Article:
When it was time to make a decision about the next step in her career, Sandra Lee Knowles harkened back to guidance she’d gotten from her mentors over the years: there are a hundred ways to do something, so be smart about the way you choose, she recalls hearing; or, always consider the big picture.
Good advice is applicable at the bench, and everywhere else. So it’s not surprising that it convinced Knowles she too could find her calling as a mentor when she transitioned from a career in industry to academia.
Now one year into a post as director of the organic teaching laboratories in the Department of Chemistry, Knowles is making her mark by aligning undergraduate chemistry coursework with hands-on learning for a lab full of occasionally bewildered young scientists.
“Mentorship is absolutely crucial. It permanently shapes you based on your experience with these individuals, because what you perceive is ultimately what your mentor teaches you to put an emphasis on,” says Knowles. “I learned a tremendous amount from my mentors. So I said to myself, I had a fantastic career and fantastic training from fantastic mentors—what should I do with it? I realized I would really like to give back to the chemistry community.
“How do you do that? You want students to enjoy chemistry. This is ultimately the goal, right? You want to diffuse their preconceived notions of what chemistry is. Chemistry is all around us and is in our bodies and controls our physical worlds. So, if you see it in action, as you will in these labs, hopefully that gives everyone a greater appreciation.”
Crucial to the task, she says, are the foundational techniques, equipment, and methods that connect what students learn in class with how chemistry works in the physical sense. To help pass on those lessons, Knowles supplements lab instruction with a series of brief pre-recorded videos for students to watch before each lab.
A recent video for CHM 301/337 on separating and purifying components of an analgesic powder, for example, pairs Knowles’ calm narration with a breakdown introducing the analysis of structure using extraction, crystallization, and chromatography.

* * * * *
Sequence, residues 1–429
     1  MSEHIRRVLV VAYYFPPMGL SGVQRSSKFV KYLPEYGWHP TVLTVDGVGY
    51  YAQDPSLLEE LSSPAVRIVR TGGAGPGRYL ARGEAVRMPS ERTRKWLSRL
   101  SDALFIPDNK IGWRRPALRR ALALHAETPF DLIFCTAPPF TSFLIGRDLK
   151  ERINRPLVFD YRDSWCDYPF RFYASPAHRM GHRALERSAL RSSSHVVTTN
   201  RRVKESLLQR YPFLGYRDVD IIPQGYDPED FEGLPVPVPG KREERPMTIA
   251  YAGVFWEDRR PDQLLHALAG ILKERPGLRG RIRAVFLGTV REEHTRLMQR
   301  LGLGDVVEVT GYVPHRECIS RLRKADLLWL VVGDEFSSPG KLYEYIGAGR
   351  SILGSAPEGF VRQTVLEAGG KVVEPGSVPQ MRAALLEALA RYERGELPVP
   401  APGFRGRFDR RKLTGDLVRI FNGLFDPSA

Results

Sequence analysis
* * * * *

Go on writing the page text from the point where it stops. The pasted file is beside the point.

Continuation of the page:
Sixth-year graduate student Emilia Arguello TA’d for Knowles beginning in September.
“The pandemic prevented in-person labs from happening at all last spring, so this was the first time students were actually doing lab work in person. I think there was a high potential for chaos, but Sandy kept everything incredibly organized,” says Arguello. “She made sure we were on top of the experiment by the time we had to go into lab, but remained flexible in terms of letting each TA lead in their own style.”
“Mentorship is absolutely crucial,” says Knowles, who enjoyed a successful career in industry before coming to Princeton Chemistry.
Knowles follows lecturer Henry Gingrich in the directorship position; he retired in June following 30 years with the department.
Knowles earned her B.S. in chemistry from the University of California, Berkeley, under Jeffrey Long; and her Ph.D. in organic chemistry from the California Institute of Technology, with David MacMillan, now the James S. McDonnell Distinguished University Professor of Chemistry.
Prior to Princeton, Knowles was in medicinal chemistry and then in process chemistry at Merck, where she had years of mentorship under her first supervisor Kevin Campos, now Vice President, Head of Process Research & Development at Merck. It was a successful and satisfying job.
But it was her two young children that persuaded Knowles a better work-life balance was needed.
“I thought when I came into this position that it would be good for students to see that you can be a woman and do research, that there is a path for it,” says Knowles. “I can talk to grad students and undergrads and be that reference point for them. I want them to be not just scientists, but scientific leaders. Now, what does that mean for this role? I think I have an opportunity to share my story. And if people are interested, I can tell them what it’s like for me.
“Overall, what I want to convey to my students is that chemistry is not so prescriptive. There is a creative aspect to it along with the practical side. The satisfaction you get from doing this work creatively is just amazing,” she says. “I mean, you’re learning how to build molecules. That’s beautiful, right?”